This past July, Arizona lawmakers and Governor Ducey did the right thing. Through a series of Budget Reconciliation Bills, they took important steps to protect the people of Arizona from more COVID mandates and to prevent children from being indoctrinated in public schools by Critical Race Theory.

While COVID was certainly an issue that warranted some action, it never should have included trampling on the rights of the people. And we definitely should not be wasting tax dollars on lessons that teach public school students that one race, ethnic group, or sex is in any way superior to another.

Not surprisingly, these laws sent teachers’ unions into a tailspin. As students headed back to campus, some Arizona schools decided to teach students that it’s ok to violate the law. And the Arizona Board of Regents recently announced that all three state universities will require their employees to be fully vaccinated against COVID-19 by December 8.

Then, there’s the lawsuit. In August, the Arizona School Boards Association (ASBA) joined with several other groups to sue the State of Arizona to stop the ban on mask mandates, vaccine mandates, and Critical Race Theory.

In fact, they believe in their lawsuit so much that a month later, the ASBA turned around and held a conference indoors where multiple attendees were maskless! Rules for thee, but not for me, apparently.

Unfortunately, Maricopa County Superior Court Judge Katherine Cooper struck down our state’s ban on mask mandates, vaccine mandates, vaccine passports, and Critical Race Theory last month. Thankfully, it didn’t take long before Arizona Attorney General Mark Brnovich appealed to our state’s Supreme Court.

The justices will hear the case on November 2, and there’s a lot at stake.

If the Arizona Supreme Court fails to uphold these laws, it would set a new precedent where courts could come in after the fact to determine whether provisions in Budget Reconciliation Bills are necessary to implement the budget. Determining the relationship of policy and budget appropriations is a delicate issue, and the Supreme Court needs to be careful not to set a bad precedent that empowers unelected judges to strike down laws that have a direct budgetary relationship simply because they don’t like the new policy.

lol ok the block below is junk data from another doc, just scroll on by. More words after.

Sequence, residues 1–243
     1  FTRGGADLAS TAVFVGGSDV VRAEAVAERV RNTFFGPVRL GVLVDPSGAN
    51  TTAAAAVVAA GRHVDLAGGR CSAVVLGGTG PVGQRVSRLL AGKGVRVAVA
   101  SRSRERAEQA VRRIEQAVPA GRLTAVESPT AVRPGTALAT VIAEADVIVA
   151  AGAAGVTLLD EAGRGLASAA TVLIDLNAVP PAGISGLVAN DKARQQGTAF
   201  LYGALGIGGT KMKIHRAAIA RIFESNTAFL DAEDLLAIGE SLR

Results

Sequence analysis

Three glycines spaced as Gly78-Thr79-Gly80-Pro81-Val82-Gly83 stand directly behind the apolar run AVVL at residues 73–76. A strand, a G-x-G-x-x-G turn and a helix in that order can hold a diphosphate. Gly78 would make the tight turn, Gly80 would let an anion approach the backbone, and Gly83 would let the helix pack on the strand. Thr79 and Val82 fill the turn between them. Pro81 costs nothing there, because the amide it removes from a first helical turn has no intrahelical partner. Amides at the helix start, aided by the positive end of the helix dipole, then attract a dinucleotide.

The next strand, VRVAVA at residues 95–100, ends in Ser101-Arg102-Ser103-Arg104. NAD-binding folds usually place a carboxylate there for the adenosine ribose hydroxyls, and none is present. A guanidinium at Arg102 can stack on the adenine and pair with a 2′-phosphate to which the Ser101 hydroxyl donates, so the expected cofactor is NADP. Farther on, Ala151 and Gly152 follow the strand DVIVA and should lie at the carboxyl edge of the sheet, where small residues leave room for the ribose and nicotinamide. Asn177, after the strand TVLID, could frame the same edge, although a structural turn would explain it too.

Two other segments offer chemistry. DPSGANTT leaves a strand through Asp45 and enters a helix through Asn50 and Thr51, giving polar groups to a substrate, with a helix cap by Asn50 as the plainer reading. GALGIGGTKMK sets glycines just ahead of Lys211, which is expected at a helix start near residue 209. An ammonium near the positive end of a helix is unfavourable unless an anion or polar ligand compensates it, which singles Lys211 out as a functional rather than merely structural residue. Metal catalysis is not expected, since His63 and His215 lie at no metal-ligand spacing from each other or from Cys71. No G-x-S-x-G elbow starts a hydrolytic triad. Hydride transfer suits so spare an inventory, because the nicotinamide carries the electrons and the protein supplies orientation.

Make no mistake, a ruling from the state’s highest court against these laws will not stop the battle over these critical issues. And we all know how that’s gone so far:

    • Masks on kids may cause psychological harm with no study to back them up.
    • Hospitals are overwhelmed and public safety is at risk because of staffing shortages caused by the vaccine mandate.
    • Parents around the state are catching on and speaking up against Critical Race Theory in their children’s public schools.

We will know soon enough if the Supreme Court upholds these critical laws. If they do not, then Governor Ducey and Attorney General Brnovich MUST NOT back down. They must exhaust all options to protect the people of Arizona from COVID mandates, Critical Race Theory, and more government overreach.

After all, your tax dollars should not be funding political commentary in our schools. And the government must be stopped from any more unlawful power grabs.

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